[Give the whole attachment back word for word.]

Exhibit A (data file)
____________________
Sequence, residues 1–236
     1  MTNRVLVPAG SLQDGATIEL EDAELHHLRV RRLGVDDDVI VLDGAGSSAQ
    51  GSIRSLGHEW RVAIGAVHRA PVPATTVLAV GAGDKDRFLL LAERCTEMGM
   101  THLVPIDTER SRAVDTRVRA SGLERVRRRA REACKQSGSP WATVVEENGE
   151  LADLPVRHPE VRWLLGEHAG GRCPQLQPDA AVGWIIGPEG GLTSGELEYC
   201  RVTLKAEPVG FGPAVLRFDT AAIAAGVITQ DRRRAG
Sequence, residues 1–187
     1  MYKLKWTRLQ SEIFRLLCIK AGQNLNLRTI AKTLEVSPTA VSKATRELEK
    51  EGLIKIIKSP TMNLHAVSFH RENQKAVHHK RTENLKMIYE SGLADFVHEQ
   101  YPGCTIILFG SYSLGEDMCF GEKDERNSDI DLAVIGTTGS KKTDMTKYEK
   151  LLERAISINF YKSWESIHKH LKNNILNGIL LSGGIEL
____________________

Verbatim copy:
Sequence, residues 1–236
     1  MTNRVLVPAG SLQDGATIEL EDAELHHLRV RRLGVDDDVI VLDGAGSSAQ
    51  GSIRSLGHEW RVAIGAVHRA PVPATTVLAV GAGDKDRFLL LAERCTEMGM
   101  THLVPIDTER SRAVDTRVRA SGLERVRRRA REACKQSGSP WATVVEENGE
   151  LADLPVRHPE VRWLLGEHAG GRCPQLQPDA AVGWIIGPEG GLTSGELEYC
   201  RVTLKAEPVG FGPAVLRFDT AAIAAGVITQ DRRRAG
Sequence, residues 1–187
     1  MYKLKWTRLQ SEIFRLLCIK AGQNLNLRTI AKTLEVSPTA VSKATRELEK
    51  EGLIKIIKSP TMNLHAVSFH RENQKAVHHK RTENLKMIYE SGLADFVHEQ
   101  YPGCTIILFG SYSLGEDMCF GEKDERNSDI DLAVIGTTGS KKTDMTKYEK
   151  LLERAISINF YKSWESIHKH LKNNILNGIL LSGGIEL